Saturday, the White House responded to two petitions asking that SOPA and PIPA be killed as legislation
Right now, Congress is debating a few pieces of legislation concerning the very real issue of online piracy, including the Stop Online Piracy Act (SOPA), the PROTECT IP Act, and the Online Protection and Digital ENforcement Act (OPEN). We want to take this opportunity to tell you what the Administration will support—and what we will not support. Any effective legislation should reflect a wide range of stakeholders, including everyone from content creators to the engineers that build and maintain the infrastructure of the Internet.
While we believe that online piracy by foreign websites is a serious problem that requires a serious legislative response, we will not support legislation that reduces freedom of expression, increases cybersecurity risk, or undermines the dynamic, innovative global Internet.
Well, that’s a pretty good response, eh? Then it gets kinda weasely
Any effort to combat online piracy must guard against the risk of online censorship of lawful activity and must not inhibit innovation by our dynamic businesses large and small.
But, what is lawful? There are competing laws that make excerpts legal or not. Every-time you read an excerpt here, at Hot Air, Michelle Malkin, The Other McCain, The Lonely Conservative, Weasel Zippers, and so on, we are breaking copyright law. Same with some videos. But, we are also covered by Fair Use law.
Across the globe, the openness of the Internet is increasingly central to innovation in business, government, and society and it must be protected. To minimize this risk, new legislation must be narrowly targeted only at sites beyond the reach of current U.S. law, cover activity clearly prohibited under existing U.S. laws, and be effectively tailored, with strong due process and focused on criminal activity.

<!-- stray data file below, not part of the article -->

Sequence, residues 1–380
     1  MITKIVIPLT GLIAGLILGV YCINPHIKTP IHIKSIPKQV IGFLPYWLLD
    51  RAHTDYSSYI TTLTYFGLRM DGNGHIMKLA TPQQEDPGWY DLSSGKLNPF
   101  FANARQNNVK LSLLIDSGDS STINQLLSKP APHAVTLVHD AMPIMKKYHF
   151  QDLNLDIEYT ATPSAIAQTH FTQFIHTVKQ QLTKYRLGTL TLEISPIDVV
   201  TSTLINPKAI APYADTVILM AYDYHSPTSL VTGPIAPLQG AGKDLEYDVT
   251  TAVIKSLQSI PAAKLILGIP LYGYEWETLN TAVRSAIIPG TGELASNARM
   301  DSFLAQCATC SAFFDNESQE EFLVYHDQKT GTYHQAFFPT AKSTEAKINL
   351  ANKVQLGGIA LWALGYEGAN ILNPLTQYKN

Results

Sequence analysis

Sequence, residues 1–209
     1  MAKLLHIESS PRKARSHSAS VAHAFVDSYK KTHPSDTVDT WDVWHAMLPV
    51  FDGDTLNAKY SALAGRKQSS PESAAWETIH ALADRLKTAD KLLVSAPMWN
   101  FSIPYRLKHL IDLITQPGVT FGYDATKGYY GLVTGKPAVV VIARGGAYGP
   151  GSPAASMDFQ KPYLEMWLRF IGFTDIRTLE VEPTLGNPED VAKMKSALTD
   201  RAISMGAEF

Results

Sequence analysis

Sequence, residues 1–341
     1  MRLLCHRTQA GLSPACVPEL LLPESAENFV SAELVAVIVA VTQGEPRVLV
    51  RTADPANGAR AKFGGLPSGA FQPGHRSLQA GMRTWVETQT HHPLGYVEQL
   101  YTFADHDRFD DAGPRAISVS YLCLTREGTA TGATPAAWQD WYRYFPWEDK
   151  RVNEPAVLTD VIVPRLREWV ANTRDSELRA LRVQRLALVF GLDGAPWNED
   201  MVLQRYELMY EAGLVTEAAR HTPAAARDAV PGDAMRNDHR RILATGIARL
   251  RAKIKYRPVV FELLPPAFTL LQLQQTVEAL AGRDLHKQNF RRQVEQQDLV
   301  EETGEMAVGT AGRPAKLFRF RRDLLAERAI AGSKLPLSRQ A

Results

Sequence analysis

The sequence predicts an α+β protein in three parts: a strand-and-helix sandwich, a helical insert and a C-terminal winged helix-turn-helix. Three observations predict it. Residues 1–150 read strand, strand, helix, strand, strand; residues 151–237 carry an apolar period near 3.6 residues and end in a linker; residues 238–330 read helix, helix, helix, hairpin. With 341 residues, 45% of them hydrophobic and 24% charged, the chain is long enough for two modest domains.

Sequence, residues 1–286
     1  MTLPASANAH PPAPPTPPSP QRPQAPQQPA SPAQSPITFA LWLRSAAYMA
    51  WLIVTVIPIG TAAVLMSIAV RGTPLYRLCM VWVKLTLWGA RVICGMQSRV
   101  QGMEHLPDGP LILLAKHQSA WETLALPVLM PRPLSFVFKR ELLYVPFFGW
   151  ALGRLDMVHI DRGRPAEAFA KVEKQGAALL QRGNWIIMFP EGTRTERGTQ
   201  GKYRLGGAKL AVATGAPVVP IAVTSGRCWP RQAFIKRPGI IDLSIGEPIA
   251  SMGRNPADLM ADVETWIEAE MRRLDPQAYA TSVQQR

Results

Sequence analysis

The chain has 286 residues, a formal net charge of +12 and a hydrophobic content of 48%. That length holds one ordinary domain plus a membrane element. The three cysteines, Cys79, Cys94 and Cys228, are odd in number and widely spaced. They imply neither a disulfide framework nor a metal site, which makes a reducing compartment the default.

OK, that’s a little better, but, is the White House saying that US law should be extended to cover things outside of the US? With respect, that’s kinda what SOPA and PIPA say, too.
Anyhow, the White House does definitively come out against DNS blocking, which was a major issue of concern with the legislation. Tina Korbe points out that Reddit plans a 12 hour blackout in protest of the legislation, and further goes on to say
To clarify, it’s not like the White House promised to veto or anything. Instead, the administration has said it will “not support parts of” SOPA and PIPA, which, technically, is not quite the same as “opposing” the bills. It could be the White House just wants to stay out of a fight that pits liberals (Hollywood, etc.) against liberals (Google, etc.). Nevertheless, it’s still helpful that the president doesn’t want to push very hard for SOPA and PIPA — because you can bet opponents will continue to push against them.
Any little bit helps in the fight against legislation which gives way to much power to the Central Government and its unelected and persistent bureaucrats.
(The Hill) House Oversight Chairman Darrell Issa (R-Calif.) said early Saturday morning that Majority Leader Eric Cantor (R-Va.) promised him the House will not vote on the controversial Stop Online Piracy Act (SOPA) unless there is consensus on the bill.
Well, it’s a start, and could mean that the legislation gets shelved permanently. Now the ball’s in Harry Reid’s court. He plans on a Senate vote in the next two weeks. I wouldn’t be surprised if we hear that he has postponed any vote within the next few days.
Huffington Post points out that “The Motion Picture Association of America Inc. (MPAA), the Recording Industry Association of America (RIAA) and the U.S. Chamber of Commerce have each released a response to the White House’s position on SOPA and PIPA.” All are in support of the current legislation.
But, as a DUmmy points out, let’s not forget that Obama was against NDAA and it’s indefinite detention provisions right up till he signed it.